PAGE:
Consider Pascal's wager. Even if there is no God, what is the harm in society practicing Christian beliefs?
What if the is a god, but not a Christian God?
Pascal's Wager only works if there isn't a god. If there is a god, but you pick the wrong religion, you're just as boned as if you simply don't believe. If multiple religions claim to be True, and none can offer real evidence, logically you should believe in none of them.
Hell, even if it is the God of the Christian bible, but the stuff that Christian ignore in the OT really are important (Suffer not a witch to live, shellfish is an abomination, if a farmer mixes two types of crop he is to be stoned to death, do not take the Lord's name in vain.. etc etc.)
I really hope you are not one of those that claims science solved the question
There are many literal claims made by many religions, in regard to Creation or their own subsequent history, which have been shown to be false.
For example, in the Christian (and Hebrew) bible: We know that young Earth creationist interpretation of Genesis is not possible. We know that not just the date, but even the pattern of creation is Genesis isn't what happened. We know that there is no sign of the events in Exodus (not the ten plagues, nor the escaping slaves, nor the Red Sea parting) in spite the Egyptians meticulously recording other such events (plagues, escaping slaves, weird events). Likewise the slaughter of the First Born in Jesus' time. We know that many of the battles in the bible didn't happen or couldn't have happened as written (the "Walls" of Jericho, for example). We know Jerusalem at the supposed time of David was a goat-village, not a major power as claimed. We know that much of the OT was not written when it was claimed, and can't go back beyond 800-900BC (and probably dates to around 700BC), due to references not matching actual history. (Even small things, like the foundation story of Abraham having pack-camels, which weren't domesticated until before 1000BC.)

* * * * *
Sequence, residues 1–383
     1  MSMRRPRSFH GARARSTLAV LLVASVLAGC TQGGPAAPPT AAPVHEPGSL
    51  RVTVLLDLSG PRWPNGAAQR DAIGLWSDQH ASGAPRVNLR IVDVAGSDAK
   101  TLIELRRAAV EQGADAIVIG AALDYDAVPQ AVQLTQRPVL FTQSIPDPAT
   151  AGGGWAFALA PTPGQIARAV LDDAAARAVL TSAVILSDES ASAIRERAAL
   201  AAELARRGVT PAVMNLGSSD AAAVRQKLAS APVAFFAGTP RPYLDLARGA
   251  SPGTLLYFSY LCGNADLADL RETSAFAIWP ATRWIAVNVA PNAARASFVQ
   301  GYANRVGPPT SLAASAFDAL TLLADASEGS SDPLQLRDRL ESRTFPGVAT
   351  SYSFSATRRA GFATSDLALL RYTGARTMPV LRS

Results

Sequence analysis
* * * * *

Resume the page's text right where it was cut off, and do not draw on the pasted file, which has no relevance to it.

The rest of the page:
Essentially whenever religions make factual, testable claims, they almost always turn out to be false. (So often, in fact, that finding a true claim in a religion or myth is really interesting and unusual.)